Early June this year, the Programme for the Endorsement of Forest Certification (PEFC) celebrated its first certificates for Indonesian forest managers, released by its certification body PT AJA Sertifikasi Indonesia (AJA). With this announcement came the (inevitable?) gossip about AJA, its employees and its clients. One issue in particular echoed amongst experts: how did AJA manage to verify some 610,000 hectares, an area the size of Palestine, against a brand-new standard in little over half a year?
Mid August, WWF International voiced this issue through an Open Letter to the Indonesian Forestry Certification Cooperation (IFCC, PEFC’s International Stakeholder Member in Indonesia). In its letter, WWF notes that ‘the IFCC certificates could be “jumping the gun” on a journey towards sustainability that has only just begun. It would be a missed opportunity if the IFCC system lacks the rigour and standards to reliably verify how companies are progressing in the implementation of sustainability commitments’. WWF furthermore questioned ‘the rigour of assessment of plantation management practices under the IFCC system’.
One month later, mid September, IFCC replied to WWF with an Open Response. IFCC notes that its mandate is limited to setting the standard, and advised WWF ‘to contact those involved in the conformity assessment process especially the certification body’ (read AJA). IFCC suggests WWF ‘may want to consult the public summary report of the audit available from the certification body’, a somewhat brazen comment as AJA treats its public summary reports as confidential documents. (Late October, AJA’s lawyer “requested” me to return and delete (a.o.) all of AJA’s public (summary) reports in my possession.)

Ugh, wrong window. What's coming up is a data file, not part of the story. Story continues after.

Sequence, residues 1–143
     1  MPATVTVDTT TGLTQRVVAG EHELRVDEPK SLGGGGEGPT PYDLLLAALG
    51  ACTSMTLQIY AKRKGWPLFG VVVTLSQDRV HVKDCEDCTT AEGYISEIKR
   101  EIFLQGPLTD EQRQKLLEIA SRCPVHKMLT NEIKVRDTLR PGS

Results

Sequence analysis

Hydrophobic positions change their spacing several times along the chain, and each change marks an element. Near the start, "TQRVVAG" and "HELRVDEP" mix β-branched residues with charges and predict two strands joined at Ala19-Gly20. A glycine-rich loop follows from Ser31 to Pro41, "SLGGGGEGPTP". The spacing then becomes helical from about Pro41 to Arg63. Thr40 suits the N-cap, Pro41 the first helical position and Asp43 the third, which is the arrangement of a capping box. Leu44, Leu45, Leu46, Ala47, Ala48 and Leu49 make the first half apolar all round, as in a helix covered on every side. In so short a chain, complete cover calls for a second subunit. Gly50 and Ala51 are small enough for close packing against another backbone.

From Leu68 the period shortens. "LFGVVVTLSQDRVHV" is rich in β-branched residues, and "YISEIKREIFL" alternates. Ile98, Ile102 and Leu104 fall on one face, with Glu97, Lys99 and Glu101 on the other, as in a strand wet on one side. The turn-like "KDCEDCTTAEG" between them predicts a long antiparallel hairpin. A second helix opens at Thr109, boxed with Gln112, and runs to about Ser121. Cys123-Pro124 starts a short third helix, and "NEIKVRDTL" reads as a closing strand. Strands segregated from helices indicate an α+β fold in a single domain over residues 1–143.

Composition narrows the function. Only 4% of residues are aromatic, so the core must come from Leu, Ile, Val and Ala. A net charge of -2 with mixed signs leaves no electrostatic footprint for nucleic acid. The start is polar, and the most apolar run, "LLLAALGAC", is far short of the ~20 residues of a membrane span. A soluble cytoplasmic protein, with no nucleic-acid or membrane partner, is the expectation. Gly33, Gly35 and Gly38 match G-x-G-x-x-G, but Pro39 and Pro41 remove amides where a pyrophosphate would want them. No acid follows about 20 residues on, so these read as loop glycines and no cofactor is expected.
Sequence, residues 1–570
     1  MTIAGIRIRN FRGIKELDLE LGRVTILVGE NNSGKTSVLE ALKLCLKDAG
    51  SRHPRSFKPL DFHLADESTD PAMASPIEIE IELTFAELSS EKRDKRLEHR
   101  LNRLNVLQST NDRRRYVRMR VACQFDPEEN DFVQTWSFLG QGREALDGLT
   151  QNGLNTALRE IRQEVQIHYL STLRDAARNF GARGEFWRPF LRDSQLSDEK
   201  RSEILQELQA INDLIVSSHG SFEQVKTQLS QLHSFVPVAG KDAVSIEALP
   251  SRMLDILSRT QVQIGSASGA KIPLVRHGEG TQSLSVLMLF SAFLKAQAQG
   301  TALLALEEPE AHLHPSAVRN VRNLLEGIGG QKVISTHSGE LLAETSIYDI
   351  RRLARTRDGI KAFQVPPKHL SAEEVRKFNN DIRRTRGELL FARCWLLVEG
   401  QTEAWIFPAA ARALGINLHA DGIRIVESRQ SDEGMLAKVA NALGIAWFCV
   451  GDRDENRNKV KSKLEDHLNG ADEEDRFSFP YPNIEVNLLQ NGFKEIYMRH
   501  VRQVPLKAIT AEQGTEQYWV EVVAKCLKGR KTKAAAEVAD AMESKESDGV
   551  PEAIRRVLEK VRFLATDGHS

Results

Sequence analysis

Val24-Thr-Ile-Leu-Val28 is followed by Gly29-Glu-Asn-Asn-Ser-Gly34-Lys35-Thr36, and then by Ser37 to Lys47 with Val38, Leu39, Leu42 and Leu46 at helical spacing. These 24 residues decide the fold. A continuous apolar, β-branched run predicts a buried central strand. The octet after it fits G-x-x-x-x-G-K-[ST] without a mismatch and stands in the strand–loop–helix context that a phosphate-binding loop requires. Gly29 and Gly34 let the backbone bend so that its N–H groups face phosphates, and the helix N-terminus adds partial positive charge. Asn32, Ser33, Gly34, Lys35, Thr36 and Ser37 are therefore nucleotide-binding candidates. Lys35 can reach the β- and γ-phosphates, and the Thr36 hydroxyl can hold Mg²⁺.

Activists have long warned that ‘certification standards could be brought down to the lowest denominator in a so-called ‘race to the bottom’. (See also ‘Certification Rift in Indonesia’ by FWI, ‘Ethical shopping guide to Garden Furniture’ by Ethical Consumer and Summary report ‘Opportunities and challenges of certifying and monitoring sustainable biomass’ by Oxfam.) I used to dismiss this warning, believing that the various safeguards between auditor and auditee (not in the least peer review, certification decision makers, and accreditation bodies) were sufficient. So, did the newbie certification body (established in 2012) with its newbie manager implementing a newbie standard[viii] fall prey to a race to the bottom?
My personal experiences with AJA suggest it did. Not only did my signature appear on reports (plural!) that I’ve never seen, let alone sanctioned, it changed report findings from negative to positive without my consent. Worse, AJA failed to adequately address this issue when I raised it over four (4) months ago. Consequently, I have earlier reported AJA to its accreditation body and today reported it to the local police for what I believe to be falsification of my findings and my signature.
Bart W van Assen
Mobile: +62 813 11442202